How NOT to Trim a Tree

These pictures are pretty self-explanatory. We were called out to quote the removal of two large Eucalyptus trees (if we get the job I will definitely post pictures – it will be quite a job!). On arrival I saw these Palo Verde trees Parkinsonia (Cercidium) microphyllum that had really been butchered. This was done by a professional landscaper in a very very upscale golf course community! [NOTE: I subsequently learned that at least some limbs on this tree were broken off by a whirlwind and this was the end result. At that point it should have been removed, as it has been damaged too badly to ever be structurally sound. We've been hired for the Eucalyptus tree removal and have also recommended that these trees be taken out.]

How NOT to Trim a Tree

If you don’t understand what is wrong with the above picture, see my post here for a clue.

Dead bark on the top side of all the branches - an open invitation to wood-boring insects!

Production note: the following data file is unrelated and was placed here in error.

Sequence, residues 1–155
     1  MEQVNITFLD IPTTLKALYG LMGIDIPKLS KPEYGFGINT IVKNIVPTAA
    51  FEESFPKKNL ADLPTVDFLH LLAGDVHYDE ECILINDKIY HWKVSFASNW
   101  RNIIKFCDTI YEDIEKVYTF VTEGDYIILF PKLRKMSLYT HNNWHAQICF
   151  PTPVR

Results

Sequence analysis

Taking off all the ends of the branches on this tree exposed it to the full heat of the sun (probably last summer by the looks of the cuts). This sunburnt the bark, killing the cambium layer. The Palo Verde’s normally green bark has turned brown and tan – evidence that it is dead. There are some signs of insect “damage” on the lower end of the picture on the right. I say “damage” because the poor thing has already been damaged enough by the landscapers that there is little harm that any insect could inflict at this point!

If the tree pictured in the above images survives it will end up looking like this!

Here is another specimen in the yard that was trimmed in a similar fashion a year or so earlier. There is another Palo Verde in the yard that was treated this same way a few years ago. All three trees should be removed. They are all ugly and detract from the beauty and value of the property!